Friday 5 December 2014

Review of Yokes by Kate Davies

It's Christmas time for knitters with not one but two pattern books by an outstanding British knitwear designer published this week. The first to plop through my letter box was Yokes by designer, writer and historical researcher Kate Davies.
Picture courtesy of Kate Davies

Before she changed career to full-time knitwear design, following a stroke, Davies was an academic specialising in the eighteenth century. Her questioning mind and academic rigour shine through Yokes, which is much more than a conventional book of patterns.

Yokes have always been a favourite of Davies, and in her book of eleven original patterns of jumpers and cardigans with distinctive yokes she writes: "Yokes are a kind of knitted jewelery. They adorn the shoulders and frame the ace in ways that can work from delicate to dramatic. A carefully blended colourwork yoke might seem virtually kaleidoscopic, a textured oke worked in neutral cables or lace can be a beautifully subtle way of decorating the upper torso."

The reader will certainly see the yoke in a new light after reading this book. Before the patterns Davies writes a number of essays looking at the tradition of the yoke in countries such as Greenland, Norway and Iceland.

Keith Moon (modelled by Kate Davies)
And so to the patterns. The one most suitable for beginner knitters is Keith Moon: a 1960s-inspired Mod sweater with a fabulous red, white and blue yoke. The sweater has a long body and there are delightful red stripes at the bottom of the sleeves and the sweater. The waist has shaping and, if you're like me and have a short and straight torso, it would be easy to adjust the pattern to shorten the body and miss out the shaping.


My personal favourite is Bluebells - a wonderfully-coloured jumper with a bluebell pattern around the yoke, hem and bottom of the sleeves. I am an intermediate knitter and think that I could successfully attempt this pattern. Bluebells is a close-fitting, shorter-length sweater knitted in Jamieson and Smith 2ply jumper weight.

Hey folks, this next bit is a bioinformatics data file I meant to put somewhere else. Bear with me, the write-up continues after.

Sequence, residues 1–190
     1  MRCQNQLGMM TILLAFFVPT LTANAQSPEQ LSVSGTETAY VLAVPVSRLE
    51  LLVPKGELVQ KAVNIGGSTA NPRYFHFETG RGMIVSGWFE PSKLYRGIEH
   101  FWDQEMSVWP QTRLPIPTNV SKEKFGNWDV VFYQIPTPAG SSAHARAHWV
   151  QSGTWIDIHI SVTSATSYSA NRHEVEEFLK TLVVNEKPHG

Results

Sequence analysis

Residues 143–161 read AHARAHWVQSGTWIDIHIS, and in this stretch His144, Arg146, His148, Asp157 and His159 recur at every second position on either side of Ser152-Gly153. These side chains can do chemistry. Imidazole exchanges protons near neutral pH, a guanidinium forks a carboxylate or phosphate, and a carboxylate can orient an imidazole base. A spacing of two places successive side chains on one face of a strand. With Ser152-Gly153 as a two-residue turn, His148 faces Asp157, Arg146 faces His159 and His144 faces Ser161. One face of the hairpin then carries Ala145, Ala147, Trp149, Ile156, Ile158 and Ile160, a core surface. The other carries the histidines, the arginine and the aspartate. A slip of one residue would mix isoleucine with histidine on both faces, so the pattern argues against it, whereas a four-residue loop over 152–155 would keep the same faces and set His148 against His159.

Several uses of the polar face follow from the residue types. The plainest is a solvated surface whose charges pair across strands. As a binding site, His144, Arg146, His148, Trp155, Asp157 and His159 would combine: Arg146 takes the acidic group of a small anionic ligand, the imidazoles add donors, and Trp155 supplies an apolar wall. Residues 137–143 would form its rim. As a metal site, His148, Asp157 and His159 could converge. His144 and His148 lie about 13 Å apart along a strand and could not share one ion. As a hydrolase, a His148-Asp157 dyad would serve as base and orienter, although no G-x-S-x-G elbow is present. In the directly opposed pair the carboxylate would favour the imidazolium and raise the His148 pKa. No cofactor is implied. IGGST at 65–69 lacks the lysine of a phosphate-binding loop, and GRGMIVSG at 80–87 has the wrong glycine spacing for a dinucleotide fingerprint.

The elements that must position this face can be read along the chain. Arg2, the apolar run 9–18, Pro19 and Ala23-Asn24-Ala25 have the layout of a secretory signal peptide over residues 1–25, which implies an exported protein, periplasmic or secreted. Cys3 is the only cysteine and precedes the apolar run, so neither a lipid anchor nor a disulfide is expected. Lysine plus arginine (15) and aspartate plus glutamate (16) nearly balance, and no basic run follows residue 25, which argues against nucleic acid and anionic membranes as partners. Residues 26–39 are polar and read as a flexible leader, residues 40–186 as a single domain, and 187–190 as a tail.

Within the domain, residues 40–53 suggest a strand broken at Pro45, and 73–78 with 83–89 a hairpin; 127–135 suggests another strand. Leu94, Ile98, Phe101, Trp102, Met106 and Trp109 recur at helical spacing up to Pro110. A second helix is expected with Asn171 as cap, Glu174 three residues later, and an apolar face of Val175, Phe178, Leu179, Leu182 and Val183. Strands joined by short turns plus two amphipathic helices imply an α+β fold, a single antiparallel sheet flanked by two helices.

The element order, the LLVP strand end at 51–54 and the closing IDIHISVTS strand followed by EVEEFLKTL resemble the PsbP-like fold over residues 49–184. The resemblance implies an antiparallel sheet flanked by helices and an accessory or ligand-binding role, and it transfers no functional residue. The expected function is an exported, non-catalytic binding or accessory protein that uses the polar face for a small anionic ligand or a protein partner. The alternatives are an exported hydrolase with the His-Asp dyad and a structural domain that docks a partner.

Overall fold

Yokes also contains a number of patterns for cardigans. Take the cover design, Cockatoo Brae, which takes its name from Cockatoo Brae in Lerwick, Shetland, an island where hand-knitted yokes have been produced for over a half a century. The body and sleeves for this cardigan can be either machine or hand-knitted.

Foxglove is another cardigan in the collection. The local flowers seen on summer walks around Davies' Scottish highland home inspired this design. Again it is a traditional Shetland yoked cardigan but she has designed amore contemporary fit, being a shorter length and having bust and waist shaping.

I love the colurs and intricate yoke pattern on this design, but what slightly puts me off is the necessity of steeking. I have yet to learn the technique and the thought of cutting through my knitting fills me with fear.

The beauty of the cardigan's design, however, gives me impetus to go on a 'learn to steek course' in 2015 and improve my knitting skills!

Yokes is a delightful resource for knitters interested in knitting history and perfecting their art. It's a coffee table book that readers will dip into again and again to read the essays, look at the beautifully-photographed images, and work out which design to knit first.  All the designs in the book are on Ravelry here.

In my next blog post I'll be reviewing the latest edition of A Stitch In Time by Susan Crawford.

What do you think of Yokes? Why not add your comments below?

1 comment:

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